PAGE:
Saturday, October 27, 2012

Wolfeboro, New Hampshire and Lake Winnipesaukee

Here is a fitting moment, given the lake was the site of the first Harvard-Yale Regatta in 1852.  Harvard won.

Wolfeboro belongs to the club of classic New England towns.  It is rich in beauty and tradition with a very active commitment to community activities.

Of course, it is impossible to talk about it without also appreciating New Hampshire's largest lake, Winnipesaukee, on which it borders.


This property has been in the family since the 1940s.

[Insert Escher's Three Worlds reference here.]

Wolfboro's town center is also bordered on one side by Brewster Academy.

Wolfeboro itself was established in 1770.

Black's has been here forever and has the same feel as the late great The Fligors in Edgartown.

There are many loons on the lake and The Loon Center is in nearby Meredith.

This is the place for ice cream, as long as you treat the lines as community building activities.


At least some residents would prefer that Mitt Romney, who has a place one cove over from ours,  spends more time here over the next four years.

Wolfeboro hosts its annual antique car and wooden boat show, although it rained this year.

The public spaces are where many musical events are held.

Any real New Englander calls it Na Hampsha.

This was hand made and given to the town by Russian visitors.

It is a dog town.

Past the depot is a great place to go for walks.

Wolfeboro's original spelling.

This public trail was once the train route.

Perhaps the town was even more appreciated in great contrast to the day before.  

Wednesday's View From the Hotel Room Window....
...and Thursday's Speaking Venue.

Tuesday, October 23, 2012

Reader Question: Which Barbour Jacket for a Tall Man?

The Very Large, Bellows Pocket of the Barbour Border Jacket

Would you be so kind as to advise me on the purchase of a Beaufort jacket? The issue is that I'm tall and slender at 6' 4" and therefore not sure if the jacket will be long enough in the sleeves and body. (I wear a 16/16 1/2 and 35" inseam in a shirt.) I may have to buy a larger size in order to increase the jacket length, but this might make the jacket too big around my shoulders (I'm somewhat narrow shouldered for my height). This is assuming that the bigger the jacket, the longer that it will be in the length. So, should I err on the side of a bigger jacket or more fitted? Is it more important that is be longer in the body or fit better around the shoulders? Thank you.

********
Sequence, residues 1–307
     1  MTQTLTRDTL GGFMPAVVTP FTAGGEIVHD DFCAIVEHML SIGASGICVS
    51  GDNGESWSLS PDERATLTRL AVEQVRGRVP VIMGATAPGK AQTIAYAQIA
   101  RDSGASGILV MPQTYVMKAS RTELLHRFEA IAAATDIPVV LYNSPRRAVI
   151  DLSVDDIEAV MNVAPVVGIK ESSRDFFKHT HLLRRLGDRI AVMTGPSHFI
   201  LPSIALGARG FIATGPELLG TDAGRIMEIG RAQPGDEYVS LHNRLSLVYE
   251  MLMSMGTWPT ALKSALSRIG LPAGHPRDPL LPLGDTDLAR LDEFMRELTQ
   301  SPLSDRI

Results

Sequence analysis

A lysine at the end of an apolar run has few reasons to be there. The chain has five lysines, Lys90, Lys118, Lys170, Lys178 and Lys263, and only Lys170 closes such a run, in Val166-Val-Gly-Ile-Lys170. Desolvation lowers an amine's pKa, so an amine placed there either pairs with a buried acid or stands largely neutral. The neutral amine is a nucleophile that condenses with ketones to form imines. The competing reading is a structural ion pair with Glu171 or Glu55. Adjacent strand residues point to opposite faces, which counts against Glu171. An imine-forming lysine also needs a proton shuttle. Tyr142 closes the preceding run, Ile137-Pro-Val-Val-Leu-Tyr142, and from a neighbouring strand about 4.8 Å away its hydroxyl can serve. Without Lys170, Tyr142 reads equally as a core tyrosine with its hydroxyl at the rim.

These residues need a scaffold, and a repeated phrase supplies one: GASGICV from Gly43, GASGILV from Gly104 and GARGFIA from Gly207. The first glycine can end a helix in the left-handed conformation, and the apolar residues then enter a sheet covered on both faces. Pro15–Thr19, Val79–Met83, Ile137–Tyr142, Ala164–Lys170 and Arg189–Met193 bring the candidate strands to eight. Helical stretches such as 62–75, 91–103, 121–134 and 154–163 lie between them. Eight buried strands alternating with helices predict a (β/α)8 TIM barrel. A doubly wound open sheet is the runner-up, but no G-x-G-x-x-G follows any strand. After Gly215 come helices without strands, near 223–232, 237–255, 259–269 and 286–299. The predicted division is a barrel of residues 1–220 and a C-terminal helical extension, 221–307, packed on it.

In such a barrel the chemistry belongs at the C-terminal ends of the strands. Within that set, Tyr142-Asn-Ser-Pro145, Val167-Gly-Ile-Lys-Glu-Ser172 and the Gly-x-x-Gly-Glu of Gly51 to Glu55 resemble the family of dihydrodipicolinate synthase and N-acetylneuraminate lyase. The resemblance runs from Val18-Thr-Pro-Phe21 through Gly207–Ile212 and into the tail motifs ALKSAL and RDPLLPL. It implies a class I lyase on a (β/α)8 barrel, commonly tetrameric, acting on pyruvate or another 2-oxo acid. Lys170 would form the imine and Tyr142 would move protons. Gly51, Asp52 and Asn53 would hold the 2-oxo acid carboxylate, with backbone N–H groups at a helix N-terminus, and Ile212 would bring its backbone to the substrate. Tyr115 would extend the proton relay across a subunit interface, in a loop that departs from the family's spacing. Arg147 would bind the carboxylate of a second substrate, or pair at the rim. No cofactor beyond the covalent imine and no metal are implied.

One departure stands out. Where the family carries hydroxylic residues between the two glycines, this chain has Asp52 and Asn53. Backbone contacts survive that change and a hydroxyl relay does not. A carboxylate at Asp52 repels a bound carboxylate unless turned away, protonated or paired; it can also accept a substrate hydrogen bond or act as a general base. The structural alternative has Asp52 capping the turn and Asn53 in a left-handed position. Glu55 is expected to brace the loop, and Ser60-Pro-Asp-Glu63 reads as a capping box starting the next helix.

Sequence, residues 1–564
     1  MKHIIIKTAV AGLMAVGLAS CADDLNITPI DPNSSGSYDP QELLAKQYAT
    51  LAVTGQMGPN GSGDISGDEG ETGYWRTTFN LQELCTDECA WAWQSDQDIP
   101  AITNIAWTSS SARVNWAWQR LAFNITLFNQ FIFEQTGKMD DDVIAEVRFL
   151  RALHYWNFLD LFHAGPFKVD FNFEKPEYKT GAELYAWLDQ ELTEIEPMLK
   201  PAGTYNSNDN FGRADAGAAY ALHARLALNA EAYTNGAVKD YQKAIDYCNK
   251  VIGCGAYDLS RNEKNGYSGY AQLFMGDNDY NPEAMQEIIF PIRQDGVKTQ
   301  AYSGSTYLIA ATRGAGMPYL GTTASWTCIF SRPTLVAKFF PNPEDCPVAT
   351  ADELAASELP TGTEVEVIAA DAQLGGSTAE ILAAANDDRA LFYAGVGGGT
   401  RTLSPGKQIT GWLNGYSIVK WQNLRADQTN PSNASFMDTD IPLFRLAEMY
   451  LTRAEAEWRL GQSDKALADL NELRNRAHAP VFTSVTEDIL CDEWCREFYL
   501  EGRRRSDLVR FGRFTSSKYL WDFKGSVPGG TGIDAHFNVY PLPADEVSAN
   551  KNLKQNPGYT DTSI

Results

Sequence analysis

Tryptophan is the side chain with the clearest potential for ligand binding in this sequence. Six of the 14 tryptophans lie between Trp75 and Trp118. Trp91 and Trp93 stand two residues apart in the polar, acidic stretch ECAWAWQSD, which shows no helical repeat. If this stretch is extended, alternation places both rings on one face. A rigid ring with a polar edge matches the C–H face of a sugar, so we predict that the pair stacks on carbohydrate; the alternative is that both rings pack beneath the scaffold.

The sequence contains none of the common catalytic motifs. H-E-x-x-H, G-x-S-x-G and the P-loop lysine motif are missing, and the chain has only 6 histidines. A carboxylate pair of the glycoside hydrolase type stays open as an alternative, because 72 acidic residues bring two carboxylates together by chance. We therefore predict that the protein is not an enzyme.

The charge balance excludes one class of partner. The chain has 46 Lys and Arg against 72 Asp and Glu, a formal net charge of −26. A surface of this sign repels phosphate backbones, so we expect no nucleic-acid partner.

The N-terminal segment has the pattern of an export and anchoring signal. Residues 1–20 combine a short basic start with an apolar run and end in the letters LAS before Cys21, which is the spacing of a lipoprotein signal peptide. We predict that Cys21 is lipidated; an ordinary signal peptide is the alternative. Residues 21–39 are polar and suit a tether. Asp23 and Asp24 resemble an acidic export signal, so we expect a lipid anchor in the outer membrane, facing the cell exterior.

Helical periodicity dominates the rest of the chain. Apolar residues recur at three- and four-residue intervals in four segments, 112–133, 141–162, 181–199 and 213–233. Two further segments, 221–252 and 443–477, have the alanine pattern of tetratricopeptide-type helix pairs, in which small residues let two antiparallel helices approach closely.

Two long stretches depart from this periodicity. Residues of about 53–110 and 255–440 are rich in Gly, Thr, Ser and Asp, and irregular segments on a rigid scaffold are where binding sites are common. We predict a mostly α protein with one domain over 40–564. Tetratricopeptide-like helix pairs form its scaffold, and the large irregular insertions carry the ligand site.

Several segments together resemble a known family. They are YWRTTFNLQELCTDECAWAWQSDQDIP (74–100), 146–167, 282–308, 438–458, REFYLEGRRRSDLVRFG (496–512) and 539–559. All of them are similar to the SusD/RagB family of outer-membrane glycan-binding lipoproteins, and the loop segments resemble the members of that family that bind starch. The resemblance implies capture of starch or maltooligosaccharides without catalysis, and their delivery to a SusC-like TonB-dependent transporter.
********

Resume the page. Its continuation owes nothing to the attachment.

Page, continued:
I will be buying a jacket this weekend at the Barbour store in Georgetown, Washington DC. They will be offering $50 off on Saturday.  Warm regards.

Consider trying on the Border Jacket, Barbour's longest wax jacket - about six inches longer than the Beaufort. It is often difficult for a 6'4" man to wear the Beaufort - it is too short.  The two styles are very similar to each other. Besides the length, the differences between the Beaufort and the Border is that the Border does not have the poacher's pocket in back, and the Border 's two bellows pockets in the front are quite sizable compared to the Beaufort. With its extra length the Border can also look a little "blousy" as you go up in size. I personally do not like the look of a fitted Barbour. It should feel comfortable and allow you to move when wearing it.

Try it on with whatever garments you might want to wear under it and think about whether or not you will want a lining. Some instead prefer a heavy wool sweater instead, although some men wear it over a sport jacket.

Other readers may also have suggestions.

Thursday, October 18, 2012

Eric Sloane and Stone Walls (or Fences)

Eric Sloane and his dog, Spooky.  (Original Black and White Photographs From Archives)
"The thing that might impress you most about New England is its stone 'walls.' When they were built  anything forming an enclosure was called a fence.  Whether it was made of roots or wood or stone, they were never referred to as walls; they are more properly called stone fences."

Eric Sloan wrote these words in "Eric Sloane's America", one of his many books.  These pictures of him (and his wife and dog) were taken at their house in the northwest corner of Connecticut in the late 1960s.

His Wife, Ruth


This came to mind the other day, watching a craftsman at work.
Set up with Coffee and Barely Audible Classical Music


He apologized for his approach, and explained that this wall had not been "properly" built and therefore he was cheating by using the mortar for the repair.


He is one of the few remaining men in the state who can build a proper dry wall.

Starchy White Congregational Churches and Stone Walls (Fences)


Robert Frost cited (but did not endorse) "good fences make good neighbors." The corollary may be also worthy of consideration. "Good neighbors make good fences."